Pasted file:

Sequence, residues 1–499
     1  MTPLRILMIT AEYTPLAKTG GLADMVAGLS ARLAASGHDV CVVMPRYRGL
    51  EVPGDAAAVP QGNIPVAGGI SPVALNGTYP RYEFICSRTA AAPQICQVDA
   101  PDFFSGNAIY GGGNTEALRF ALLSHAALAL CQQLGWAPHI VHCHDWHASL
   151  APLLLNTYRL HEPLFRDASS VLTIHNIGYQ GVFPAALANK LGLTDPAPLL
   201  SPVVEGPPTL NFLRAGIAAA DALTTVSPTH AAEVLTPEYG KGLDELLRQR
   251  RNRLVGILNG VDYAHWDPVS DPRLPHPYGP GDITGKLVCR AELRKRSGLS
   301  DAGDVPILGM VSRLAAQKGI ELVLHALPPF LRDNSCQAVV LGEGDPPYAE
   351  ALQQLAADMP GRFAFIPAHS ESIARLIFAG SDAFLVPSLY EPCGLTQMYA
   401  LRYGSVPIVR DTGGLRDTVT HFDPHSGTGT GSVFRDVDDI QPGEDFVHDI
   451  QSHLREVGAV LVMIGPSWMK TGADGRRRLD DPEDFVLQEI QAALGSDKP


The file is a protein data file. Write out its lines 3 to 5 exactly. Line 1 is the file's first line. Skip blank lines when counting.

    51  EVPGDAAAVP QGNIPVAGGI SPVALNGTYP RYEFICSRTA AAPQICQVDA
   101  PDFFSGNAIY GGGNTEALRF ALLSHAALAL CQQLGWAPHI VHCHDWHASL
   151  APLLLNTYRL HEPLFRDASS VLTIHNIGYQ GVFPAALANK LGLTDPAPLL